Today I’m beginning a new series on using the tools in the Transform panel. There’s actually WAY more here than you’d first expect. You can align designs, set their size, rotate them, move them to a specific area of the page and tilt them with the Shear tool (Designer Edition and up on that last one). The key is that you can make it very precise. Here in Lesson 1 we’ll talk about how to use the tools in the Align tab.
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Opening the Transform panel
You’ll find the icon for the Transform panel in the icon bar that runs down the right side. That makes sense, because the icons in this set are for changing a design or the page in some way. I always think the Transform icon looks like a bar graph.
Once you click on the icon to open the panel, you’ll see it has 4 or 5 tabs. As I said above, the 5th one — Shear — is only in Designer Edition and up. By default, you’ll be in the first tab for aligning.
Using the Align section
The first section here on the first tab is called Align. That helps you align objects either in relation to one another or on the page. When you select more than one piece, this will align the pieces to one another. If you select only one piece, it will align to the page itself.
Let’s look at each area individually. I’m going to do the Horizontal alignment first, and it will make sense why in a bit.
Notice that the icons in Horizontal and Vertical alignment look a lot like the Transform icon. That’s because this is probably one of the most used things in the Transform panel so it represents it. Horizontal alignment helps you get things lined up side to side. There are 2 ways to use it — for multiple objects or a single one.
You can align them along their left edges, along their centers, or at their left edges.
Here’s a KEY thing to know. There’s a logical process for what pieces move and which ones stay still. This used to drive me batty until I figured it out.
- If you are aligning to the left, the piece that is farthest left stays still and the other pieces move.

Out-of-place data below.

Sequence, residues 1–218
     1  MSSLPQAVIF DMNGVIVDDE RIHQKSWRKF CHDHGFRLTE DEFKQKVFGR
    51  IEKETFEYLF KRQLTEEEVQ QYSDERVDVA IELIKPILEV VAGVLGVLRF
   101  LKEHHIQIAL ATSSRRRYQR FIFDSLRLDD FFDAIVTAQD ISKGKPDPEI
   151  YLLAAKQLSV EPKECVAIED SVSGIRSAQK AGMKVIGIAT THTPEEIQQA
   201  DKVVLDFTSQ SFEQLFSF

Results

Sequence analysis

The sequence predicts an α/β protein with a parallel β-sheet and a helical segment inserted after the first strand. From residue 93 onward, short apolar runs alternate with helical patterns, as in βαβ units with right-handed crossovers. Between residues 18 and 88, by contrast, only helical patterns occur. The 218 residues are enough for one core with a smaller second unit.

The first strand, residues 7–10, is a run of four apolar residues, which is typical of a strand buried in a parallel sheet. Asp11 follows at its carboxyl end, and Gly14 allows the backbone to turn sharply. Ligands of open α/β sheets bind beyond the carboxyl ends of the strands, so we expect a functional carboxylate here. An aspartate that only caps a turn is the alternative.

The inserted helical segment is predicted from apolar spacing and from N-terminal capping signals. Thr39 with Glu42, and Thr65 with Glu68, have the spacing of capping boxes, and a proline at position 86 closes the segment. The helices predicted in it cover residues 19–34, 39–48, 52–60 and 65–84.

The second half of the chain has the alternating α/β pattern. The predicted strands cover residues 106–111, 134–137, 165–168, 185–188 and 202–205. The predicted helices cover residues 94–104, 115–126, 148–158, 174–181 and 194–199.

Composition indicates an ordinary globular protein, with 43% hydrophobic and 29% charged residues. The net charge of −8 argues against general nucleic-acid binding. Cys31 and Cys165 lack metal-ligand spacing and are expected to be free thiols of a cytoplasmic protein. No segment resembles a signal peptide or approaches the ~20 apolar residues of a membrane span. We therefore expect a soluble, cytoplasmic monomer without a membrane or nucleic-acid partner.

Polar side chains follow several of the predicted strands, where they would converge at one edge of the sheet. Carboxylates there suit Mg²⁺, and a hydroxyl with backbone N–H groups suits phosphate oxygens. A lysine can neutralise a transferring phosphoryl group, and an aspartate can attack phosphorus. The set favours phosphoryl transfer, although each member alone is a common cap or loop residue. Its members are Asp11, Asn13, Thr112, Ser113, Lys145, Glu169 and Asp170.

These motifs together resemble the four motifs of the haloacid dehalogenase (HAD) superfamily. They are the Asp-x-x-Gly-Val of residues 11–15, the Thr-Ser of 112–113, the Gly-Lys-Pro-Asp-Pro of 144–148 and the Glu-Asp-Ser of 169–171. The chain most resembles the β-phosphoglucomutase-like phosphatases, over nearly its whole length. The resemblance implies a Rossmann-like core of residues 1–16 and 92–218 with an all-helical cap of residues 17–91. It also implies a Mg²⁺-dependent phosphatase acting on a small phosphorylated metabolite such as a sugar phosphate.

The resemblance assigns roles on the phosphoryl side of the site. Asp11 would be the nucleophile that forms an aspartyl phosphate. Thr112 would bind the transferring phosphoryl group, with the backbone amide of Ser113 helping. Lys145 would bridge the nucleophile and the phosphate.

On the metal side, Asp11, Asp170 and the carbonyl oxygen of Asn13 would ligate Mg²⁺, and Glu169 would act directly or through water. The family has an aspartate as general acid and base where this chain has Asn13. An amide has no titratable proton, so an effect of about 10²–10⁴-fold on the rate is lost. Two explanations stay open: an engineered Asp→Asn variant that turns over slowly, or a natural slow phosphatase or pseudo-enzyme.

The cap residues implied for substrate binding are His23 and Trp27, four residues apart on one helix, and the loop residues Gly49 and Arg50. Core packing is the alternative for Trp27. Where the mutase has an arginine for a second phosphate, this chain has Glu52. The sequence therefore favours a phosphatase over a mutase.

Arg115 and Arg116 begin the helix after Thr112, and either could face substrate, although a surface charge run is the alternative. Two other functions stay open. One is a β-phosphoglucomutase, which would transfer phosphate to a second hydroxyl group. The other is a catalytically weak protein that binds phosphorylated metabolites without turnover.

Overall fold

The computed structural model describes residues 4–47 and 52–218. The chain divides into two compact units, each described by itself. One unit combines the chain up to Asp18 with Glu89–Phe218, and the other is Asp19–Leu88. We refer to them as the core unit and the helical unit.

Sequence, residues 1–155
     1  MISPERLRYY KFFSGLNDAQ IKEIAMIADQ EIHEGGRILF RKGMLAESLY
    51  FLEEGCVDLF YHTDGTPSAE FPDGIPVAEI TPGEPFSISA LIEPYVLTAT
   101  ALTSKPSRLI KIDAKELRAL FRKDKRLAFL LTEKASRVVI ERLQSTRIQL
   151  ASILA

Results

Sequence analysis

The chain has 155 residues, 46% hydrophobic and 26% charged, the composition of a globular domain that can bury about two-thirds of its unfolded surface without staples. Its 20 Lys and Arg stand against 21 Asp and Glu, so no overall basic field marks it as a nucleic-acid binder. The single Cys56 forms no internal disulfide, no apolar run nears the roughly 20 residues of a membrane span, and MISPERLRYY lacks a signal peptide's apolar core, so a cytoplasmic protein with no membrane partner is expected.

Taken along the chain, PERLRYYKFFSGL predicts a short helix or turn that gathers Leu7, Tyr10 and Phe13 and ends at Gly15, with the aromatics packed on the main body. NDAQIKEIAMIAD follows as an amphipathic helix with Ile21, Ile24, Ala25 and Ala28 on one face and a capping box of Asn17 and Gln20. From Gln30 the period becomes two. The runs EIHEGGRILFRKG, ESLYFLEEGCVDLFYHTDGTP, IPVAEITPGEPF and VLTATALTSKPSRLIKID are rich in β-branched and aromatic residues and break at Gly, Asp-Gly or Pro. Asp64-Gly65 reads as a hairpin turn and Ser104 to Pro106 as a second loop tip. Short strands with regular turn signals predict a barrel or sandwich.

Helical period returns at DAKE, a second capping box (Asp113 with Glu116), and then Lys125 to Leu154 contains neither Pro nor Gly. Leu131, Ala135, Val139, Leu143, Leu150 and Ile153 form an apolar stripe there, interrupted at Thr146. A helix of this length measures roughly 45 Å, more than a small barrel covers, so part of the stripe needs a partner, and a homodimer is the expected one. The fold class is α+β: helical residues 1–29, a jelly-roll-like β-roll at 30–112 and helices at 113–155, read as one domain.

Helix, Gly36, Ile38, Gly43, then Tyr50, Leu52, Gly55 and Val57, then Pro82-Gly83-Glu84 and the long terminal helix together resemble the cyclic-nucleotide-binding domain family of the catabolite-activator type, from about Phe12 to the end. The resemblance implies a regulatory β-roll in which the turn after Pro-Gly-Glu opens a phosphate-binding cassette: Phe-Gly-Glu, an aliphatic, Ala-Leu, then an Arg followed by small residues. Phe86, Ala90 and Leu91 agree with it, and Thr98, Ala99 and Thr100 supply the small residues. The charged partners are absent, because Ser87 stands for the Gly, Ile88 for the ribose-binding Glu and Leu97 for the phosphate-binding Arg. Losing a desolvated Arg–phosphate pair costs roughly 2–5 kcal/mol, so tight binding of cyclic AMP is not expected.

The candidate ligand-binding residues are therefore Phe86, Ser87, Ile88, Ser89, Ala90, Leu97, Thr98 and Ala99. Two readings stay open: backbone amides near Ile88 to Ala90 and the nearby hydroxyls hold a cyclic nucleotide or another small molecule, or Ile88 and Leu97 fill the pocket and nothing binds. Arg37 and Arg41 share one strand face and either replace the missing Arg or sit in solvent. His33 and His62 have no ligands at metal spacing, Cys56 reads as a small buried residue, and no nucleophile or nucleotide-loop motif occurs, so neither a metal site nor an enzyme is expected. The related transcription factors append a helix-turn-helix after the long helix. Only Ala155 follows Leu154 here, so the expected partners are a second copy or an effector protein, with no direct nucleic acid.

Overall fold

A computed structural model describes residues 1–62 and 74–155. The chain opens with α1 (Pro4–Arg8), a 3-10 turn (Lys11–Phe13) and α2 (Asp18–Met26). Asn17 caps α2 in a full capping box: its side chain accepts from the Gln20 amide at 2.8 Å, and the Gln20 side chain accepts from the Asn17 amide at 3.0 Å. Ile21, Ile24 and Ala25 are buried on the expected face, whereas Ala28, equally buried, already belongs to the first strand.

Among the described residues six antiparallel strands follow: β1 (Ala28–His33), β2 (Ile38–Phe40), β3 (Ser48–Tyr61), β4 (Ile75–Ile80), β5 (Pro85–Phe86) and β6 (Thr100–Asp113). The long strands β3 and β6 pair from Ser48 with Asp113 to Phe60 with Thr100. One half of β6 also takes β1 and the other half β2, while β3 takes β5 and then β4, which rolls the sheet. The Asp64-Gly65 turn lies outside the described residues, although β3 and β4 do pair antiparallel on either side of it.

- It works vice versa on the right — the piece farthest right remains where it is and all the others slide to meet it.
- If you’re aligning along the centers, all the pieces might move. The software looks at the set as a whole, finds where the center of the set is, and moves all the pieces so that their centers are there.
Say what? That last one is confusing. Let me show you how it works.
These 3 shapes and phrase are no longer aligned — I moved them a bit and selected them all. The red line indicates where the center of the set is. I’ve highlighted the bounding boxes at the top and bottom of the set. These aren’t grouped — just all selected.
If I now choose to align their centers horizontally, the center of each shape and the text box will be along that red center line.
Now let’s select only 1 piece and use the horizontal alignment. That puts in on the left, center or right of your defined page size.
Note that if you’re cutting without a mat, the cut border is different. The software will line up the object to the edge of the usable area, not the edge of the material. In other words, it keeps it within the cut border.
This one works very much the same as horizontal alignment, except that you are looking at how objects line up top to bottom instead of side to side. Once again, you have 3 options — align top, middle or bottom.